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Provodnikov-Algieri Preview: Can The Student Become The Teacher?

(Photo credit: Ed Mulholland/HBO) If you’re looking to witness a boxing match that’s defined by the differences that exist between the two combatants, then you’d be well served to watch the upcoming WBO Jr. Welterweight bout that’s scheduled to take place this evening between Ruslan Provodnikov and Chris Algieri. For, in terms of their background, as well as in terms of their fighting style, these two present about as stark a contrast as a boxing fan could ever hope to find.

The champion, Provodnikov (23-2, 16 KO’s) is a stocky, barrel-chested Siberian with facial features that appear to have been hewn from pure granite. He looks to be the very epitome of the term “battle-hardened warrior”, and in this case appearances aren’t the least bit deceiving.

For, Ruslan’s willingness to engage in combat has never once been in question. It was apparent in his youth, when he routinely travelled ten hours in order to train; and it was present throughout the course of a one hundred and fifty fight amateur career. It’s most certainly been evident throughout the course of professional career that has spanned seven and a half years- especially in the way in which he’s rebounded from each of his two professional defeats. After dropping a hard fought (and highly disputed) decision to the tough, tricky Mauricio Herrera, he rebounded with five consecutive wins. And, after taking then WBO welterweight kingpin Timothy Bradley to, and very nearly beyond the limit in last year’s Fight of the Year, he proceeded to come back and wrench the WBO Jr. Welterweight crown from Mike Alvarado in his very next fight.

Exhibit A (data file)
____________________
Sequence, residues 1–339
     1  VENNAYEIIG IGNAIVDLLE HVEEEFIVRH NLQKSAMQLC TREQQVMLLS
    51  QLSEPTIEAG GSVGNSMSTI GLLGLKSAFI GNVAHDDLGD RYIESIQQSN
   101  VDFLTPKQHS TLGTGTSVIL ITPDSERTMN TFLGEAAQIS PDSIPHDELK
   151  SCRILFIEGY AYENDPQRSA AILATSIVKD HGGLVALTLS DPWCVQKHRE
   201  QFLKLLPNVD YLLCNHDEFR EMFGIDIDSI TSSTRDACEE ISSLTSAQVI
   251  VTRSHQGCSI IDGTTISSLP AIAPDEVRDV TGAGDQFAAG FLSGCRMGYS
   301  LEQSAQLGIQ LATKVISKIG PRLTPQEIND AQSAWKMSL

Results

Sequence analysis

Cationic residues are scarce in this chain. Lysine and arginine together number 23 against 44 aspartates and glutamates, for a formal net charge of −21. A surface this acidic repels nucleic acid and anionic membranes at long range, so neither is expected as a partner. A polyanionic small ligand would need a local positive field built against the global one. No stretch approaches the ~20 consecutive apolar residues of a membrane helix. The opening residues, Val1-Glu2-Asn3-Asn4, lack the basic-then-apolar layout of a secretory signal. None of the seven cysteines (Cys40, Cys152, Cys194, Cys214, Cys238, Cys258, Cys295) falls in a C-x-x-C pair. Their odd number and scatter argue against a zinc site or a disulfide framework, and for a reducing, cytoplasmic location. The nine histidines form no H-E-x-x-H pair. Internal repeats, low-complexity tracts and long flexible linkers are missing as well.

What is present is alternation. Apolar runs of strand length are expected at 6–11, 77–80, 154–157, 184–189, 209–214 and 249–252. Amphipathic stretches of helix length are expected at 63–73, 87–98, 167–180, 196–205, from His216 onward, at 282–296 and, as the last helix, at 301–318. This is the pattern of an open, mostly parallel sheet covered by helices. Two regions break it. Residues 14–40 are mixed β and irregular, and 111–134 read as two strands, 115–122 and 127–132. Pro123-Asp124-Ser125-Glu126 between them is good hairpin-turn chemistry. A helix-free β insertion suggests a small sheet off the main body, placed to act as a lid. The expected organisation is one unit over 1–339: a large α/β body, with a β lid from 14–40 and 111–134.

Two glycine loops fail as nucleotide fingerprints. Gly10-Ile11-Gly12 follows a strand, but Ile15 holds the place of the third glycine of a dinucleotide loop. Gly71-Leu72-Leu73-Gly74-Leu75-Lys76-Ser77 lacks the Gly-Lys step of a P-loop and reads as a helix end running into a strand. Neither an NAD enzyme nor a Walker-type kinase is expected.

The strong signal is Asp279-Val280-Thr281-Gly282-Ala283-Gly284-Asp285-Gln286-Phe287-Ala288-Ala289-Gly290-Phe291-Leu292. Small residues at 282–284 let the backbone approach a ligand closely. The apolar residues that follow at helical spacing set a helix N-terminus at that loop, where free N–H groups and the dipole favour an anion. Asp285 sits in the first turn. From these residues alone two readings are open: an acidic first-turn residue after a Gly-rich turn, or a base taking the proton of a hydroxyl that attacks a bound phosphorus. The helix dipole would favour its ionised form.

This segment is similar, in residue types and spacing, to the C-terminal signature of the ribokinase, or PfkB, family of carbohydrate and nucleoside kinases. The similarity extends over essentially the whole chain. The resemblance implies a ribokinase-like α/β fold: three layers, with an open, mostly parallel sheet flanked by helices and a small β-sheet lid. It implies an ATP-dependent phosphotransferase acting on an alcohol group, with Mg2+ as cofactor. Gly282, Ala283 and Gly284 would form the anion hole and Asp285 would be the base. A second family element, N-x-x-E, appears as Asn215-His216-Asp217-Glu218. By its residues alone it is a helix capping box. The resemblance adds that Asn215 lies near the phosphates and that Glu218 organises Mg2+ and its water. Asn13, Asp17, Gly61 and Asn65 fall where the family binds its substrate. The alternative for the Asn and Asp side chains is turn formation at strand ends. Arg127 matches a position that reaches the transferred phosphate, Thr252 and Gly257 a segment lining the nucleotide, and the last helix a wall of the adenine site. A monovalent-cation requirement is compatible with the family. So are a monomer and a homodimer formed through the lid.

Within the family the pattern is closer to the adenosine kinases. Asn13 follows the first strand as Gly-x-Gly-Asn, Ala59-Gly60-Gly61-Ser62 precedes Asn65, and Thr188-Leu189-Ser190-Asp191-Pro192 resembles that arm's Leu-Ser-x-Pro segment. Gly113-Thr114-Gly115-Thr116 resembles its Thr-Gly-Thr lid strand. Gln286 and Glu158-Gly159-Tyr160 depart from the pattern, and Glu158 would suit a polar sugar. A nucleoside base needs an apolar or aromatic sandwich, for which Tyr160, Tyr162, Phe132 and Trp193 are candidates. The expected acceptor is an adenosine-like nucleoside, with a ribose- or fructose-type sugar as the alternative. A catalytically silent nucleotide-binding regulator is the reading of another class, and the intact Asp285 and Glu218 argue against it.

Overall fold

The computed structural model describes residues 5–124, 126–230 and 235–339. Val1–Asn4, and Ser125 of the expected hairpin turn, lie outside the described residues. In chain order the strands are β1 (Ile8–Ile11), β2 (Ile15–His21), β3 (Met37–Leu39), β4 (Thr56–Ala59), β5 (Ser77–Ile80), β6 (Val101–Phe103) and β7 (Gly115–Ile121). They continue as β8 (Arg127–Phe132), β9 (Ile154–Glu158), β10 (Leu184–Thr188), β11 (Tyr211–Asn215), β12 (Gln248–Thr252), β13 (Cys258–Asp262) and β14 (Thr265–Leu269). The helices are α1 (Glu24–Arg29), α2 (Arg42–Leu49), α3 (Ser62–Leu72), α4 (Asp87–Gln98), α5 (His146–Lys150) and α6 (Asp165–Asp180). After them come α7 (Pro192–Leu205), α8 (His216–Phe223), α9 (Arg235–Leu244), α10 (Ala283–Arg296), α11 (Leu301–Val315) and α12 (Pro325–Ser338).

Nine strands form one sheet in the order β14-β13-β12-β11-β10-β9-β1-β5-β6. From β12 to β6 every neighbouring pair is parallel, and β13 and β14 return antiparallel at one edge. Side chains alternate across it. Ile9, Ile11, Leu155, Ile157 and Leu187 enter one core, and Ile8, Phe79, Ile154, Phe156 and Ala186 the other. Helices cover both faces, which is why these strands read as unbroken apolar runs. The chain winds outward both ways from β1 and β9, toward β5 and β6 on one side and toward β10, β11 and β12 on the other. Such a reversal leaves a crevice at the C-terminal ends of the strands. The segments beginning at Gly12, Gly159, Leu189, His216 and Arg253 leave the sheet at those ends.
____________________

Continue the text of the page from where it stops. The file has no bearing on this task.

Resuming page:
Yet, Provodnikov’s warrior spirit is probably best reflected in the way he fights inside the ring. Once the opening bell rings, the man known as “The Siberian Rocky” invariably begins to advance relentlessly toward his opponents with the intent of bludgeoning them into submission. It’s a simple, straightforward strategy, but the Russian’s incredible ability to walk through his opponent’s incoming in order to deliver continuous barrages of power punches makes this approach awfully effective. Put simply, Ruslan comes to hurt his opponent, and usually succeeds in doing so. Hell, even when he’s lost, he’s been able to either bust them up (as was the case against Herrera), or to badly hurt them (which occurred on more than one occasion in his fight with Bradley).